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    Good, but the viol family and the violin family are different things. The violin is from the violin family not from the viol family. – tchrist Jul 27 '15 at 2:47
  • "Bowing" is much, much more common in everyday usage, and will be almost universally understood, but this answer treats is as a side note. You even use it in defining the term "arco", which isn't used at all outside the classical world, and within it shares space with "bowing". This answer doesn't give "bowing" enough credit. – Karen Jul 27 '15 at 13:33
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    1) I think by definition those of us on ELU are pedants, so it's always warranted :) 2) Jimmy Page is/was amazing, and has some ridiculously long fingers. – Wayne Werner Jul 27 '15 at 17:52
  • @karen musical notation is always in italian. So while bowing is the layman's term, arco is the musician's term. – JamesRyan Jul 28 '15 at 9:37
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    As a violinist who was once taught by a former lead violinist of a large city's symphony orchestra, I've always referred to it as "bowing" in speech, as did my aforementioned teacher. Arco is seen on sheet music where pizz is also featured (if it's not mentioned, arco is the default) but when actually speaking we always said that a section should be "bowed", rather than "played arco". The only person I've ever known to call it "playing arco" was a conductor I once had... who was a clarinetist. Take that as you will. – anaximander Jul 28 '15 at 10:53
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I think you are referring to fiddling. The "normal" way of playing a violin is to fiddle it.

fid·dle (fĭd′l) n. 1. A violin, especially one used to play folk or country music.

v.intr. 1. To play a fiddle.

v.tr. 1. To play (a tune) on a fiddle.

To stress the fact that one is using the bow (e.g. as opposed to strumming or plucking the strings in a pizzicato), then you would use the term bowing.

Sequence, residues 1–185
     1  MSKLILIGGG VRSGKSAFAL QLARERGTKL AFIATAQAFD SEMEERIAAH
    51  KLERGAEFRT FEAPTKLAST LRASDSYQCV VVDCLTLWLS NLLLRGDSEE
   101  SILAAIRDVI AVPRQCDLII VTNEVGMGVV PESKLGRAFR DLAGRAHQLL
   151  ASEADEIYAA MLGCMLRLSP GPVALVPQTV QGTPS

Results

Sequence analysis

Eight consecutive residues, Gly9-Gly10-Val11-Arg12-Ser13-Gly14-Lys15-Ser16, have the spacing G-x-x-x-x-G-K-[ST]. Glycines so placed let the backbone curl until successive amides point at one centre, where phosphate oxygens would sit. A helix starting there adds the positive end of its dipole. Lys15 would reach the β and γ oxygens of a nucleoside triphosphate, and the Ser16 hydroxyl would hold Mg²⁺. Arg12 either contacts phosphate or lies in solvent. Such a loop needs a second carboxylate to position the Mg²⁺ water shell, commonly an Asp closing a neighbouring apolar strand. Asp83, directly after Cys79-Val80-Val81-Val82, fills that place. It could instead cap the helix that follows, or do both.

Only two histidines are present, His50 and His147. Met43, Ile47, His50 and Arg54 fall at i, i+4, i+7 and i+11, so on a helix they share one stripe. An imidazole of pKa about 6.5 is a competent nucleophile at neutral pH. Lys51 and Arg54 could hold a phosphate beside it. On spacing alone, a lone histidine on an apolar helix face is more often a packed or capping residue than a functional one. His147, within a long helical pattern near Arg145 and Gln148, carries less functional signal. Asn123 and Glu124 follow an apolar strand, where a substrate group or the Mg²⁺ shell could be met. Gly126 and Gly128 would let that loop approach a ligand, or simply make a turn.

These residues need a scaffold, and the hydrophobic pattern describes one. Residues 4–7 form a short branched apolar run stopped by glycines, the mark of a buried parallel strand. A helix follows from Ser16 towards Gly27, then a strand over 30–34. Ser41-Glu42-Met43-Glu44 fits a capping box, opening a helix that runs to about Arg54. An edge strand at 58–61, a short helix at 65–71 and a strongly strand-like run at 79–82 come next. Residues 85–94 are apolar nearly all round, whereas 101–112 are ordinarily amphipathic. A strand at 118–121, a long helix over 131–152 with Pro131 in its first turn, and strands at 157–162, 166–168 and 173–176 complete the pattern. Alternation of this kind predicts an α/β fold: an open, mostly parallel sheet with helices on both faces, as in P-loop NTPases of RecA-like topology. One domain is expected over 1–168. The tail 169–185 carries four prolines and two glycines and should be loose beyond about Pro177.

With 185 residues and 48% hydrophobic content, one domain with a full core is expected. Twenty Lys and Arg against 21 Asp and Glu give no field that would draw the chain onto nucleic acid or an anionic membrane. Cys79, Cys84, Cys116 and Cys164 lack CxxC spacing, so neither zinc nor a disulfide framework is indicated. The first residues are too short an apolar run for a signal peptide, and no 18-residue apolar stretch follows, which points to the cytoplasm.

But for the subtler meanings I'd ask http://music.stackexchange.com .

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    No... you fiddle a fiddle. They may be the same instrument but the method of playing them is vastly different. – Catija Jul 26 '15 at 22:59
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    The term seems indeed to have evolved, but fiddling is playing a violin using a bow. It may have differences in style - i.e. in how you move the bow. See vithefiddler.com/difference-between-fiddle-and-violin – LSerni Jul 26 '15 at 23:05
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    Your very statement says "the normal way" is to fiddle it... but the dictionary definition clearly shows that it only relates to folk or country music applications. – Catija Jul 26 '15 at 23:07
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    It says that it especially relates to -- not that it only relates to. I admit this might be perceived as a fiddling distinction. – LSerni Jul 26 '15 at 23:18
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    Isemi is correct: refer this to the music site. – ab2 Jul 27 '15 at 1:44
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Just for completeness' sake (there are already better answers): Playing.

Generally speaking, if you are writing a story or something and say someone was playing the violin, the assumption is that a bow is involved. It will provide the right mental image, and as the most familiar and common term, is probably what you want in almost all cases.

But, because you are asking this question, and used the word "playing" in the question, I'm assuming this is not one of those common cases.

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Here are some sentences to give you a feel for these words and how they're used:

The violin is a bowed instrument.

This piece is entirely plucked. The violinists will set their bows in their laps.

The next piece is mostly bowed, but there are a few small plucked sections.

The bowing here is a little tricky but I've marked all your parts. [There are symbols that let the musicians know what direction the bow should move for each note.]